Third week of 2019 edition!
This is a Crow's eye view of the posts that caught my attention this week. Typically, they'll be posts that celebrate some aspect of anime, like strong characters, moments of beauty, or amazing worlds.
There are only two rules:
- I have to find the site to read it. I publish a list of the sites I review every week, so please do look for your site! If you don't see it, I'd love for you to mention your site in the comments so I can add it to the list!
- Your post had to have been published during the last seven days (or so)
Remember, you can find a list of the sites I check every week here.
There're a lot of good posts in the anime blogsphere. I hope this article helps you find some of them!
If you're on Twitter at all, I'll be you've seen tweetstorms denouncing the latest anime series that are based on light novels. At least, I've seen them. Each time I do, I wonder why there's so much hate. Is it only because of Sword Art Online and the (irrational, in my opinion!) dislike it seems to generate in some circles -- and it was based on a light novel? And then I read this post from 100 Word Anime. It considered the same question, and do you know what technique the writer used? Fact! Yes, actual facts! Based on original research! Even better -- she used the facts to build conclusions! In all seriousness, I think the world would be a better place if more folks used this model to shape their opinions! I was so impressed that I had to include it in this week's Other Posts to Crow About.
You probably know that I'm collaborating with Irina from I Drink and Watch Anime to review The Promised Neverland this season. You can see our review of the first episode here! The show's really something special, from the art to the pacing to the characters. But it has even more going for it than that, and this post from Beneath the Tangles lays it out in vivid detail. Want to know the four important things that this episode brings to the table? Then you know what to do!
This may come as a shock to you, but I loved Beyond the Boundary. Okay, I jest; it's listed in the Caw of Fame, so of course you knew that (but if you didn't, please do take moment to read my I liked it so much!). A writer has to have a deft and subtle touch to extol a series while simultaneously pointing out its flaws, all the while painting a picture of a beautiful work of art. But guess what? That's exactly what this post from I Drink and Watch Anime did! As many times as I've watched this series, and as many words as I've written about it, I came away from this article with an even deeper appreciation for what the series accomplished. Give it a read to see if the same thing happens to you!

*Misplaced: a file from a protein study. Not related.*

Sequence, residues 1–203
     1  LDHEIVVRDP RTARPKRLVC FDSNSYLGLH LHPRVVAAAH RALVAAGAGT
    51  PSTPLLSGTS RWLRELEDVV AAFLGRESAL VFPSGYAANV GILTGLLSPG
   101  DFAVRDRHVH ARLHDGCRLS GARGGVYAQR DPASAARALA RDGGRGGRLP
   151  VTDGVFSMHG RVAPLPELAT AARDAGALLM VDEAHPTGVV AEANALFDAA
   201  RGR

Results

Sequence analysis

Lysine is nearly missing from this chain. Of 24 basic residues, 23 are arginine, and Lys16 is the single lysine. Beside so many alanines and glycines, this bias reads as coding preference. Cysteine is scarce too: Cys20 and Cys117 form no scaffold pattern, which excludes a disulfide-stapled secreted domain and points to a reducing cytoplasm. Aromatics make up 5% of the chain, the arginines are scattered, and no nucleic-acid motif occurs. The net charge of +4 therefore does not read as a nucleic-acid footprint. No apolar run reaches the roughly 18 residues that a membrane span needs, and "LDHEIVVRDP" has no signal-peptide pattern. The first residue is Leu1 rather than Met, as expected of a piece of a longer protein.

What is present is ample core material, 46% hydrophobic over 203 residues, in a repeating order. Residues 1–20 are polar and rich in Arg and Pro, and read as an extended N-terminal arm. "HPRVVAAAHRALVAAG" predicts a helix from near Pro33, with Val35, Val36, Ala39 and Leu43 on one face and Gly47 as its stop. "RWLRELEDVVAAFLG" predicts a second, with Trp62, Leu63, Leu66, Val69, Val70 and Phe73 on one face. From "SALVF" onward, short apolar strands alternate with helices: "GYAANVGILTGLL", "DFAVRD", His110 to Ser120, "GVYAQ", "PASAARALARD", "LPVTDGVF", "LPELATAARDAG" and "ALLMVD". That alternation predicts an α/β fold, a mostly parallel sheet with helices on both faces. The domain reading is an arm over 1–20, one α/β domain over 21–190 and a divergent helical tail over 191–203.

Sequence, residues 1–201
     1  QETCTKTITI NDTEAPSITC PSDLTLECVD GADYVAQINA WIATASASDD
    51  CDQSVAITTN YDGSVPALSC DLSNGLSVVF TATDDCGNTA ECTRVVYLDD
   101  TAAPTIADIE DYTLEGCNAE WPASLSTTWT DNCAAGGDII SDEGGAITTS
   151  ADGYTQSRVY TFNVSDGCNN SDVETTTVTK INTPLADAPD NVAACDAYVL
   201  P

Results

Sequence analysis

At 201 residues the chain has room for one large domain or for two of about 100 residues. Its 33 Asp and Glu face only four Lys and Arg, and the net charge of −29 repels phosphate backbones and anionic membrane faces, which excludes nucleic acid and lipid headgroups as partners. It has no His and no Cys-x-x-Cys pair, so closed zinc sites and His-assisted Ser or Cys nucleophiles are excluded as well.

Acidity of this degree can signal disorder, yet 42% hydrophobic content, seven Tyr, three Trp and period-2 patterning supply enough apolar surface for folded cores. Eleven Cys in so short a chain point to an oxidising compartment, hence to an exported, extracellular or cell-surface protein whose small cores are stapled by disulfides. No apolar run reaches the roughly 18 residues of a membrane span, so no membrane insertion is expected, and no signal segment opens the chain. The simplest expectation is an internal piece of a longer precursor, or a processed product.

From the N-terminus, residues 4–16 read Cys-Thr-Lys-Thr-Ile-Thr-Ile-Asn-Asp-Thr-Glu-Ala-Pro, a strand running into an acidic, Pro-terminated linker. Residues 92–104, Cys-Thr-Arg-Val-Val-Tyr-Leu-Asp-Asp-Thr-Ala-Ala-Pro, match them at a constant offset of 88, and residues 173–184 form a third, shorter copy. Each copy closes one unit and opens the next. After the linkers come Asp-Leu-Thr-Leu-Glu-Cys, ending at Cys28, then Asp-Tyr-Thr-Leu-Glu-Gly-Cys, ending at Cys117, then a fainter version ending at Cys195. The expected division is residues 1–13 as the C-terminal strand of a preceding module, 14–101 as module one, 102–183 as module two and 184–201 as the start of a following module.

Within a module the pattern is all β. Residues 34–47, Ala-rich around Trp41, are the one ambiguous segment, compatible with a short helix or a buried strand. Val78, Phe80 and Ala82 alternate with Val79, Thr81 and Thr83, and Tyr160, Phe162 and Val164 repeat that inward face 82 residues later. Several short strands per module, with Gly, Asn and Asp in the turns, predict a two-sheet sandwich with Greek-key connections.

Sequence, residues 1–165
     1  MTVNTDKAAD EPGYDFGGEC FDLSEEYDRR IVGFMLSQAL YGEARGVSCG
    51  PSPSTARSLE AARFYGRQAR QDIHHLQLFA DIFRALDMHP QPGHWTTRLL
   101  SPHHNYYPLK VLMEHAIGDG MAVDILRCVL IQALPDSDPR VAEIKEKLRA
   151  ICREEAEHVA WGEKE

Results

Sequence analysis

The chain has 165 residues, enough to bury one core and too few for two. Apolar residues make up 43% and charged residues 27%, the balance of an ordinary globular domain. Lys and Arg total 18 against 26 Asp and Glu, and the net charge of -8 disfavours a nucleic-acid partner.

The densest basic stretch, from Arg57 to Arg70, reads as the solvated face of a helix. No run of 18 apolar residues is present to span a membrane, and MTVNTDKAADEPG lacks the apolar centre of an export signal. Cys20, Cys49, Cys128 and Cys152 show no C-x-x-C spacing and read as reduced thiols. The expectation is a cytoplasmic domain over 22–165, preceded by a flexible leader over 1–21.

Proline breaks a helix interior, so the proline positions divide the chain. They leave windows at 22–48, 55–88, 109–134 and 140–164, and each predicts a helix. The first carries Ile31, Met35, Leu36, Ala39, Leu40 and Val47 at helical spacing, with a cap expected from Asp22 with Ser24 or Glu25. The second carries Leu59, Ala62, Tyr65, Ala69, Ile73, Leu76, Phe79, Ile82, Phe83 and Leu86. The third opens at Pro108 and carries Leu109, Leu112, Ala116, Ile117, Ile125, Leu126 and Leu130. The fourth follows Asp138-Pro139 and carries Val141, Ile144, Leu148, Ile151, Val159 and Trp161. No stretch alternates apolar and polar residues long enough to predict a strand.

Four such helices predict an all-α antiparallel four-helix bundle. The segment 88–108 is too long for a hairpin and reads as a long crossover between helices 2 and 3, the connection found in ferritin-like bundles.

The first episode of The Rising of the Shield Hero had more than its share of concerning tropes. In fact, it seemed to almost be engineered to offend, as this post from The Anime Feminist so clearly -- and accurately -- articulated. But there was a point during the second episode where I realized that I liked the series. Can you guess where that point was? It was when Raphtalia remembered that the Shield Hero had an affinity for the demi-humans. In effect, he was their protector, and goodness knows that in this world, the demi-humans need all the help they can get! Guess I have a soft spot for the defenders of the down-trodden! This article from Rabujoi does a great job describing what made this episode so enjoyable -- I encourage you to check it out! You might ask if the second episode lays to rest the concerns raised by the first. The answer? The jury's still deliberating. But with a theme that reminds me of the X-Men comics from the early 1980s? That's at least a start...
You know how in our our collaborative review of the first episode of The Promised Neverland Irina and I talked about the amazing animation? Okay, okay, you know how Irina talked about it and I nodded silently in the background? As you might have expected, it turns out that such art work isn't magic. It takes a lot of talent and work to pull it off. This post from Sakuga Blog has some fantastic insights into the kind of skill and effort that went into making the first episode. If you have any interest into the craftsmanship that goes into making an episode like this, you'll love this article! And might I just add that this site has one of the most beautiful and elegant mastheads!
Crow's World of Anime celebrates anime -- especially interesting characters or moments of beauty. There's an assumption implicit in that idea. Namely, that this celebration is best among friends and people of good will. Even being able to celebration means being safe to celebrate. If you've been watching Twitter or other social media outlets, you might be aware of an unfolding story where some underage/vulnerable people were subjected to decidedly unsafe behavior at conventions. That has implications beyond the specific events. This article from Season 1 Episode 1 offers a brave, personal perspective on those implications. As you check out this article, please remember: Let's watch out for each other. The world's not always a safe place, and sometimes, a single word or action can have a profound impact.